A rate increase then would be Draghi’s first while in office as ECB head.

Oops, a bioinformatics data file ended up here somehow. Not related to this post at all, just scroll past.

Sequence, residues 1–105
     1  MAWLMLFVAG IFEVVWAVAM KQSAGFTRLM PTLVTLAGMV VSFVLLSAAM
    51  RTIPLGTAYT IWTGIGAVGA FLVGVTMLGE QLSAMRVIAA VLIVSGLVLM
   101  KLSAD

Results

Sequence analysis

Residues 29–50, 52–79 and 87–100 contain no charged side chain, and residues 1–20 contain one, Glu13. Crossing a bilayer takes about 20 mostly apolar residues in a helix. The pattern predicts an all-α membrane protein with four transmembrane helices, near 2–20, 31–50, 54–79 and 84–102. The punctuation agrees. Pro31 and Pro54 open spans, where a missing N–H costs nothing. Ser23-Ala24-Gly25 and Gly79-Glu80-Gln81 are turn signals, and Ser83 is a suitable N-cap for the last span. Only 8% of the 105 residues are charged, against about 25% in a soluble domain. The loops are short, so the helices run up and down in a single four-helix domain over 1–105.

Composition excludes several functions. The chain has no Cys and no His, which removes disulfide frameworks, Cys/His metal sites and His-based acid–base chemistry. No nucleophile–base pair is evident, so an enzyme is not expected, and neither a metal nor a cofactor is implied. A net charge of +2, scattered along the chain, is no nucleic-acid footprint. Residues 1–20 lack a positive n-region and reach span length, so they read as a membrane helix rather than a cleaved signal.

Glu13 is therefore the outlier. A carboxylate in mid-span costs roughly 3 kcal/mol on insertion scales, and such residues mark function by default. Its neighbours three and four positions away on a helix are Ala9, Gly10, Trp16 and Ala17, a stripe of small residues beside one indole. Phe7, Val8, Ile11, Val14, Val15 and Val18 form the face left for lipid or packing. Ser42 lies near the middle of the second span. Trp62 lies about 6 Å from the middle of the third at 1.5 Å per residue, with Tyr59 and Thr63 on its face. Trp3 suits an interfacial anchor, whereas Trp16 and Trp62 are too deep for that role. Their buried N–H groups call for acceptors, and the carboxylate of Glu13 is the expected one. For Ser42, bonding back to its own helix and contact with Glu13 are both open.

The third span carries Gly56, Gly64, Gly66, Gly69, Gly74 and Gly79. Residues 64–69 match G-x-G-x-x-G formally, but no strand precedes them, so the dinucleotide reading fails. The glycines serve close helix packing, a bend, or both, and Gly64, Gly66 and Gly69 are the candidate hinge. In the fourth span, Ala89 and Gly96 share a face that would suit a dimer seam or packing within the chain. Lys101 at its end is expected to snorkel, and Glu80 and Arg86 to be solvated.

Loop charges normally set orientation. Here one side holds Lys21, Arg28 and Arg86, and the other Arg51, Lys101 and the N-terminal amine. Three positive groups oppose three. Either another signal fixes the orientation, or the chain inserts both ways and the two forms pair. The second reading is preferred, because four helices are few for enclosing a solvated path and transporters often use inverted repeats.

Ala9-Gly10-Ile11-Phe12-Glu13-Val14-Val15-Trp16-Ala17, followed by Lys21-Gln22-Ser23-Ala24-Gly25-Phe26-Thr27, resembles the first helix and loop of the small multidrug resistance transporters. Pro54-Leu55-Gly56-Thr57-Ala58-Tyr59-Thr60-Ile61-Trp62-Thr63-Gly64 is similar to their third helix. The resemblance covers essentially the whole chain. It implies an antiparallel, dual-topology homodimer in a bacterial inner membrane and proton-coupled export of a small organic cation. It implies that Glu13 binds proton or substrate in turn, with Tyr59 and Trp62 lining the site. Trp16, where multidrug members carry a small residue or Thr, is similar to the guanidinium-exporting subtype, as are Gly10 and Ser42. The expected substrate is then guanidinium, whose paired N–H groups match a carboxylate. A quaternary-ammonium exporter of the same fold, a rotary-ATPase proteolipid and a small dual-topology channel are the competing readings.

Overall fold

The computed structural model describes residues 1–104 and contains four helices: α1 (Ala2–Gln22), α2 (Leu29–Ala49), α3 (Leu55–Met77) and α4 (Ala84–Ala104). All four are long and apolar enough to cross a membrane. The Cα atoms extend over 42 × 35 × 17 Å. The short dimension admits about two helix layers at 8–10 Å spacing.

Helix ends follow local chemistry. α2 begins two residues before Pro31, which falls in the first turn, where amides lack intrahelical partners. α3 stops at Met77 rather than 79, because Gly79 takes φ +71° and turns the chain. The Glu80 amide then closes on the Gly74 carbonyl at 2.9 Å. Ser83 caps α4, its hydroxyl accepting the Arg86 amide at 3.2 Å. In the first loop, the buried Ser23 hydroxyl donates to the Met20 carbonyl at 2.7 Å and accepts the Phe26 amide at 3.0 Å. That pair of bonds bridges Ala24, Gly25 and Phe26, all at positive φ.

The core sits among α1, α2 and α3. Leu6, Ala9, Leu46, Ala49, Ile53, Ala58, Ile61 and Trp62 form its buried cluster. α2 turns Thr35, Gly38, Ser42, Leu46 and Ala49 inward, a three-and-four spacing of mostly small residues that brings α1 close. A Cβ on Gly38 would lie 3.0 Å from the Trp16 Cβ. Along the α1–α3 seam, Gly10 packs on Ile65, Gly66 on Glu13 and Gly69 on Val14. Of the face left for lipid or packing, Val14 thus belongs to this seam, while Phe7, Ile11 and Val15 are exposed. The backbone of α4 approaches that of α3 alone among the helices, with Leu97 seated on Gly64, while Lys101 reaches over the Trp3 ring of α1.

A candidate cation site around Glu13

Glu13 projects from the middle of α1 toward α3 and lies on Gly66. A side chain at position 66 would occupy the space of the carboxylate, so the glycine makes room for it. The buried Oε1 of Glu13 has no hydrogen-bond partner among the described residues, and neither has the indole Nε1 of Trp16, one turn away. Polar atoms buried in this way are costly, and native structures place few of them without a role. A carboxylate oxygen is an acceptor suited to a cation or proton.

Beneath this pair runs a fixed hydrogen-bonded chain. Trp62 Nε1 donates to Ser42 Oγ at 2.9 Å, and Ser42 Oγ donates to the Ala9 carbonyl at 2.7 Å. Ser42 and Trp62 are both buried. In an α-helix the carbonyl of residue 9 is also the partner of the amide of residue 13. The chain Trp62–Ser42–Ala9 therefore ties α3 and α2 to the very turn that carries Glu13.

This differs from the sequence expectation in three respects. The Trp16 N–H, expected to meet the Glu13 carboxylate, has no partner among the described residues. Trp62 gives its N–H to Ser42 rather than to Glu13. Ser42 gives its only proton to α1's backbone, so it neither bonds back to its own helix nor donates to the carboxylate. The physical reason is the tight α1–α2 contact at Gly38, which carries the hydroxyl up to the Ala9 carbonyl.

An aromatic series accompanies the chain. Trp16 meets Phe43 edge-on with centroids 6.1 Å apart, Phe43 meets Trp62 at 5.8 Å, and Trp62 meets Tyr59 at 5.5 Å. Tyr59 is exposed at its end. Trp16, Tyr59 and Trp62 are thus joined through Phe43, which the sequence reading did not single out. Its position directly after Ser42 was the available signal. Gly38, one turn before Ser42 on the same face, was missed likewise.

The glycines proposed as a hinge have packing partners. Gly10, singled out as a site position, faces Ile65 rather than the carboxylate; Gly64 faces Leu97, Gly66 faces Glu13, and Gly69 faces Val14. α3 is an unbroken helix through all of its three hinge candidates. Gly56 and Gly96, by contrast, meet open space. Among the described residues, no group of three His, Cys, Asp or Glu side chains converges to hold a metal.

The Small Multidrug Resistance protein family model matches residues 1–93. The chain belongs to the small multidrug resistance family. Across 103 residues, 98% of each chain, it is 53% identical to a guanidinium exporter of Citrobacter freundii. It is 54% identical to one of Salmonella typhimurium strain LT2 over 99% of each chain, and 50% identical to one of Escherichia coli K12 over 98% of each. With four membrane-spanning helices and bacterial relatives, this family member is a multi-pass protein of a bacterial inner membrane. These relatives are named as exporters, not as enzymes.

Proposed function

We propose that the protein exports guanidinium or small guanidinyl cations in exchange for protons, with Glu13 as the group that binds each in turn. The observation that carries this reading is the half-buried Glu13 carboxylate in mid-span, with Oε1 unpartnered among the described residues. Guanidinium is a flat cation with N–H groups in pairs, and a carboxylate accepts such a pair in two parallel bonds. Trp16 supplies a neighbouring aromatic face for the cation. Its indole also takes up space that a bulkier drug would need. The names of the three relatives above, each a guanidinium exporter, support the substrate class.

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The economy of the 19 countries that use the euro currency is growing ever stronger, and it's time for the European Central Bank to start telling the public how it will phase out its extraordinary stimulus measures.The bank will ease off its monthly bond-buying stimulus slowly – and interest rates likely won't be raised for nearly another two years.In practical terms the bank's stance means that the 60 billion euros ($71 billion) in monthly bond purchases, which help keep borrowing rates low in the economy, might be cut back in January to, say, 30 billion euros per month and then ended sometime in the second half of 2018 .The ECB's portfolio should keep rising until it hits about 2.6 trillion euros in bonds held for monetary policy purposes.The U.S. Federal Reserve is farther along in withdrawing stimulus and has said it plans to slowly start letting its $4.5 trillion bond pile run down as the bonds mature.The ECB is so cautious in part because a quick withdrawal of stimulus could push stock markets down and push up the euro.
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